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    Available in PDF Format | Longbourn.pdf | English
    Jo Baker(Author)

A New York Times Book Review Notable Book, a Seattle Times Best Title, a Christian Science Monitor Best Fiction Book, a Miami Herald Favorite Book, and a Kirkus Best Book of the Year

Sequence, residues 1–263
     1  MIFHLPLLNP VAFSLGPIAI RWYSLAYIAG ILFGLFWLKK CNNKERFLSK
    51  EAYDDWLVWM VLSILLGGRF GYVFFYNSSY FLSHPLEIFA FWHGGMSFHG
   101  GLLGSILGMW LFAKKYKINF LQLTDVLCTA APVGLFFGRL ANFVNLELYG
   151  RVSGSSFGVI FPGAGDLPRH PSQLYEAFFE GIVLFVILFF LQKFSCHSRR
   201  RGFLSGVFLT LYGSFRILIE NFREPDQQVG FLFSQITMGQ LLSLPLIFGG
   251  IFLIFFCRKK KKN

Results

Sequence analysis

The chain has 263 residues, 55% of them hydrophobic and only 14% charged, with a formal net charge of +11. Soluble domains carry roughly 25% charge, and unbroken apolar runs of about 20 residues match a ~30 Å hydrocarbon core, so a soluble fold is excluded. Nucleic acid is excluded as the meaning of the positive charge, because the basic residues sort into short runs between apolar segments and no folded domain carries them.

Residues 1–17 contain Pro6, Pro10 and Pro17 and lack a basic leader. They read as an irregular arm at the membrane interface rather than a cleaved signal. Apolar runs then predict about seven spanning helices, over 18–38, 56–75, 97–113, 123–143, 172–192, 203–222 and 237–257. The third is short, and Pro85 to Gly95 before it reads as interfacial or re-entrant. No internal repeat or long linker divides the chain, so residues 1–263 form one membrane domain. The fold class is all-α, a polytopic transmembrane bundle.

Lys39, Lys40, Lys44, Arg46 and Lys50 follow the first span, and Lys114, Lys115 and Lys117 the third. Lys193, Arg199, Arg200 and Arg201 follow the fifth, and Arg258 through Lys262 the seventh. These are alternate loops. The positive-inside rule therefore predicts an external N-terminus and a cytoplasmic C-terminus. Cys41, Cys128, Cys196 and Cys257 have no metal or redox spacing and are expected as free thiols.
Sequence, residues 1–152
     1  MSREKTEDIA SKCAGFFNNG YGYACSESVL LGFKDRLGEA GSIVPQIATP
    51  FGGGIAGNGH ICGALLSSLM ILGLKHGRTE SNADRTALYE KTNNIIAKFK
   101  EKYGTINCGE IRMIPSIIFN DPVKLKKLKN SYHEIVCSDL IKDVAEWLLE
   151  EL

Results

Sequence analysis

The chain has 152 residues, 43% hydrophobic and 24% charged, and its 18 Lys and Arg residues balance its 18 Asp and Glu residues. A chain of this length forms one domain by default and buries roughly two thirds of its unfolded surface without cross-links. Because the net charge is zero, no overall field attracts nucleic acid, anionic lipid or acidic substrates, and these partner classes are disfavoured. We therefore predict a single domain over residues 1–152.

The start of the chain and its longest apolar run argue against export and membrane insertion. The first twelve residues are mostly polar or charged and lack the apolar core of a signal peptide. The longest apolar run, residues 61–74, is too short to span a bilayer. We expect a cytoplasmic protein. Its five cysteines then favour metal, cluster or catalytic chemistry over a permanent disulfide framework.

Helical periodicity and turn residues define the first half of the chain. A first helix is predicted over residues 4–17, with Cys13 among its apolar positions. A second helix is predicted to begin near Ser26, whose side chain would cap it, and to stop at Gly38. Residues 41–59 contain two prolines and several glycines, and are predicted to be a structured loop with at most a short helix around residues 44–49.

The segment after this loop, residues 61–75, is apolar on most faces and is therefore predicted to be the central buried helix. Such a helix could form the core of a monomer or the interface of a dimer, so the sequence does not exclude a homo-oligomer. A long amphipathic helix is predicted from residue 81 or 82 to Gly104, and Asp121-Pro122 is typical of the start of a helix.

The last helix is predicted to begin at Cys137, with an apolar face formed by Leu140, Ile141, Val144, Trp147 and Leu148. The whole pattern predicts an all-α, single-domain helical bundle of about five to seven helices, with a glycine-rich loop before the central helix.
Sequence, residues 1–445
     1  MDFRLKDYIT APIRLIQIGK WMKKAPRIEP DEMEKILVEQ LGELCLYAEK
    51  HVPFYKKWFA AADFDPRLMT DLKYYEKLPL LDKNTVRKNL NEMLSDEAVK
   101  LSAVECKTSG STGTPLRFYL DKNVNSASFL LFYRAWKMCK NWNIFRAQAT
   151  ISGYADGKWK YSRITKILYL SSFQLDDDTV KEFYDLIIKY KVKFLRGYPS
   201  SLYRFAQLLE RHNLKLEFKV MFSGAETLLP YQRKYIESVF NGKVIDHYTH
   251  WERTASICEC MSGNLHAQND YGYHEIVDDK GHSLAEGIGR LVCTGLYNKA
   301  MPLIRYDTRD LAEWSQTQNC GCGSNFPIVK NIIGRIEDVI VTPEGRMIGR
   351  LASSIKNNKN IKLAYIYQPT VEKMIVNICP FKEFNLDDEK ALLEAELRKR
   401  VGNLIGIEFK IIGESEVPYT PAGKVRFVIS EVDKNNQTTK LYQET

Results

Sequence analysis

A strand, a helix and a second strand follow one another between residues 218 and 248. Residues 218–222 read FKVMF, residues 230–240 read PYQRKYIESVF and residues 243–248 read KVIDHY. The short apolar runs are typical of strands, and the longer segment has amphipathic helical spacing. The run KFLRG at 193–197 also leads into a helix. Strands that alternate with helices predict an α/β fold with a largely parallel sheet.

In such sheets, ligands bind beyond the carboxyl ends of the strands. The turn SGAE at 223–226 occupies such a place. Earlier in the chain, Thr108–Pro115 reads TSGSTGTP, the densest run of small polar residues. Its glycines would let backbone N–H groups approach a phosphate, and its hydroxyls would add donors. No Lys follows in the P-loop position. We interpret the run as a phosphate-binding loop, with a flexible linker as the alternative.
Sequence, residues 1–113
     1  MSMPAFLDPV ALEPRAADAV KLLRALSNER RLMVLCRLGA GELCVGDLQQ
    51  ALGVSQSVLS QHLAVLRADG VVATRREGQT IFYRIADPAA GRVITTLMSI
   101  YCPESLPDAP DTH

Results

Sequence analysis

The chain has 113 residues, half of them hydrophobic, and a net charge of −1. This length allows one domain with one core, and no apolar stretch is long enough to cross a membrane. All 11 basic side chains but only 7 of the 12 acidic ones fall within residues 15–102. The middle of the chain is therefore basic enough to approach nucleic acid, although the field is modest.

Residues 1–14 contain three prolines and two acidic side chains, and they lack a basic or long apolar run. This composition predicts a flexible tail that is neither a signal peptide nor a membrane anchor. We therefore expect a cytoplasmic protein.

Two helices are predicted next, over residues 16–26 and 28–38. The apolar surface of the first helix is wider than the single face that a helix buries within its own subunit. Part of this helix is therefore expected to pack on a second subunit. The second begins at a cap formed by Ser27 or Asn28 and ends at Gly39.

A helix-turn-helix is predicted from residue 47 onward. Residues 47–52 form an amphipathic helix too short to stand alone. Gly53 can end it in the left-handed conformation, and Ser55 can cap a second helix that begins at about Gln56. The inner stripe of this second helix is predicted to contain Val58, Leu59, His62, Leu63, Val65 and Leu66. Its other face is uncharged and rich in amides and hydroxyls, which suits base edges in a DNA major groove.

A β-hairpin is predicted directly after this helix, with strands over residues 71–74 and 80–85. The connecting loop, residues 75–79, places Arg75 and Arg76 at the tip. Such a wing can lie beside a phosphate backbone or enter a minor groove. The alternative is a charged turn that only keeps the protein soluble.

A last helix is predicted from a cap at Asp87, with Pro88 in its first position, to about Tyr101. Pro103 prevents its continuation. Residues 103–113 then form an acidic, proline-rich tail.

The servants take center stage in this irresistibly imagined belowstairs answer to Pride and Prejudice. While Elizabeth Bennet and her sisters fuss over balls and husbands, Sarah, their orphaned housemaid, is beginning to chafe against the boundaries of her class. When a new footman arrives at Longbourn under mysterious circumstances, the carefully choreographed world she has known all her life threatens to be completely, perhaps irrevocably, upended. Mentioned only fleetingly in Jane Austen's classic, here Jo Baker dares to take us beyond the drawing rooms of Regency England and, in doing so, uncovers the real world of the novel that has captivated readers' hearts around the world for generations.